The original NES Metroid was quite a momentous creation... but it was also far more ambitious than the hardware, tech, and design of its era could properly handle. Zero Mission rectifies those shortcomings, revisiting the classic game and bringing it up to contemporary standards. Combining the design of Super Metroid, the mechanics of Metroid Fusion, and the brisk pace and overall structure of Metroid, this really does feel like the culmination of the series in many ways. It doesn't just lean on the past, though; Zero Mission introduces plenty of new elements, from bizarre outsized insects living in the caverns of Zebes to the mysteries of Chozodia. We may never see a true, classic Metroid sequel again, but there are worse swan songs for a franchise to go out on than this masterpiece of a remake.

5. Guacamelee

Drinkbox Studios | Various | 2013

Combining the design discipline of Super Metroid with Mesoamerican folklore and the elbow drops of Mexican luchadores, this stylish indie action game made quite an impression on players. Despite being less than a year old, it's already earned sufficient regard for players to place it on par with the established classics of metroidvania-style design. And why not? Its unique style and setting distinguish it from the usual video game clichés, and it livens up traditional genre mechanics like double jumps with unique wrestling-inspired moves and cooperative play. A fast-paced and frequently challenging adventure, Guacamelee serves as a welcome demonstration that not all metroidvania-type games have to be so literal about the Metroid and 'Vania elements.

6. Castlevania: Aria & Dawn of Sorrow

Konami | GBA | 2003
Konami | DS | 2005

As two parts of a whole, the adventures of Soma Cruz tweaked the Castlevania formula even more than Symphony of the Night. Casting players as the (spoilers!) reincarnated soul of Dracula determined to prevent his own return to chaotic evil alignment, the Sorrow titles set a new standard for nonlinear action on portable systems. And, of course, being designed for portable systems, they also embraced the trends of Nintendo's handhelds with lots of Pokémon-like collection. Rather than capturing monsters, though, Soma simply gathered their souls, extending his abilities as a warrior by gaining dominance over the creatures of Dracula's castle. With excellent level design, ridiculously deep and flexible play mechanics, and secrets aplenty, this pair of adventures gave gamers new respect for portable gaming.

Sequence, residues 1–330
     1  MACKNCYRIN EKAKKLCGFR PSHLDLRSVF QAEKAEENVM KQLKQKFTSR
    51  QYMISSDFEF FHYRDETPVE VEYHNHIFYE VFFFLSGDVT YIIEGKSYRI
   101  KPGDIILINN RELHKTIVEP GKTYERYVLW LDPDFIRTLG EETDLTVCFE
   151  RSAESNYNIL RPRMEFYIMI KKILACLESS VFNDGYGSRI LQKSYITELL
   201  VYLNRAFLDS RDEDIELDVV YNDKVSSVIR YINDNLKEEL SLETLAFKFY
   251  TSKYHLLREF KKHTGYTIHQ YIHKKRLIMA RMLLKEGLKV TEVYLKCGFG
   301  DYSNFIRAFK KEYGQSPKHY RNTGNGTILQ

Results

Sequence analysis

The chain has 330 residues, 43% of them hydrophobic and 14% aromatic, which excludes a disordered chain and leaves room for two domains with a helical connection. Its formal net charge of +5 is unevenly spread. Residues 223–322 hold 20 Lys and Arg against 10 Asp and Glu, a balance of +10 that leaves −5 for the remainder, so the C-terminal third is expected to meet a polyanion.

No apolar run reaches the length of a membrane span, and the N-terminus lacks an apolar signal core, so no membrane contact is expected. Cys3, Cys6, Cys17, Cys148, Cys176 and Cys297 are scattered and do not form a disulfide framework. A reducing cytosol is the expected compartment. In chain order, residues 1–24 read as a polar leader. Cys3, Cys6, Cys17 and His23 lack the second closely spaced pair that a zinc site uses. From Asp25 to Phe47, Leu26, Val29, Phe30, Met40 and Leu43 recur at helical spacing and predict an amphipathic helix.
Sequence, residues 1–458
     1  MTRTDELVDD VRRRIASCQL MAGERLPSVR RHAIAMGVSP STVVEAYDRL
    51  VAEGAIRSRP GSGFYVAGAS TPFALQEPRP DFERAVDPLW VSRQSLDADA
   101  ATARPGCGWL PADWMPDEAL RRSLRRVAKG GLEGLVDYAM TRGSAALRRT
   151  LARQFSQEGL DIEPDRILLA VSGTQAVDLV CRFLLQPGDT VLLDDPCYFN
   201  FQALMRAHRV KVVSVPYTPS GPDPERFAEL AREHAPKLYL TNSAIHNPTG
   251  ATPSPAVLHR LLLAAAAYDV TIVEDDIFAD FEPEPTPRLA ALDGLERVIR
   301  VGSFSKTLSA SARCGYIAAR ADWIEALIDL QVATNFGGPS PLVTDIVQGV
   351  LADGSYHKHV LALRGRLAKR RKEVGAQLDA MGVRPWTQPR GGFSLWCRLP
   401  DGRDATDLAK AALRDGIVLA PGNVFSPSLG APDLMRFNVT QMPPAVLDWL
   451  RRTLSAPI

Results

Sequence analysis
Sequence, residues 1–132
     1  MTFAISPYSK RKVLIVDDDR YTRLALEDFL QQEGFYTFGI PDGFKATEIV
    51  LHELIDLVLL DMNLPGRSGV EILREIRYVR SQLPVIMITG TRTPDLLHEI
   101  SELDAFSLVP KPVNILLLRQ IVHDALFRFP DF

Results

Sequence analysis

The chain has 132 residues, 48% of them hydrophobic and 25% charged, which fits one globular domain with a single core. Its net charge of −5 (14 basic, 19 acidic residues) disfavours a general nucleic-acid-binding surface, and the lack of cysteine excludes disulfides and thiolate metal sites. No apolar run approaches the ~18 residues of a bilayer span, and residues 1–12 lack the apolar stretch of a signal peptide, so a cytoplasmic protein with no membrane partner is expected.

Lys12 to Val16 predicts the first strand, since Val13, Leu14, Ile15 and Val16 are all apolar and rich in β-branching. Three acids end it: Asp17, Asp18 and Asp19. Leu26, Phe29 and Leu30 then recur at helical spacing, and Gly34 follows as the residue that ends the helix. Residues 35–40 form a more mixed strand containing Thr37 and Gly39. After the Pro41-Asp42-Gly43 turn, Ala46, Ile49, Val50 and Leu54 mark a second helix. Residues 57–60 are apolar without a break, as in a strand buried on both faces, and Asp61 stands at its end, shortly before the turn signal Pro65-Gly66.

7. Shadow Complex

Chair | Xbox 360 | 2009

Before Chair created Infinity Blade and discovered the breezy riches of iOS publishing, they brought the world this little gem of 2.5D game design. Shadow Complex took its overall design and structural clues from Super Metroid, but this was no tepid clone; perhaps because it ran on the trendy Unreal Engine 3, it incorporated similarly trendy features. Like, say, cover-based shooting and right-stick aiming. Shadow Complex's hybrid nature made for a comfortable yet occasionally surprising experience, with backtracking and skill-based map unlocks augmented by dramatic changes – the portion where you return to an area of the eponymous complex that's been flooded in the wake of a massive explosion feels eerie and seems more like something out of a Metal Gear game than a 2D platformer. Chair keeps promising a sequel; we can't wait.

8. La-Mulana

NIGORO | PC | 2005

Hearkening back to games in the really old 8-bit style, La-Mulana references Metroid less than it does obscure Japan-only games from the MSX computer platform. The original PC version of La-Mulana even looked like an MSX game! And much like those oldies, it's unrelentingly difficult and unapologetically obscure. Combining hardcore exploratory platforming action with complex puzzles, La-Mulana is easily the most demanding game on this list. You will take careful notes and connect seemingly unrelated dots for features linked across the span of the world map, or you will never get anywhere. Developer NIGORO seems to relish the reputation La-Mulana has earned and has promised the recently Kickstarted sequel will be even more lethal.

9. Metroid Fusion

Nintendo | Game Boy Advance | 2002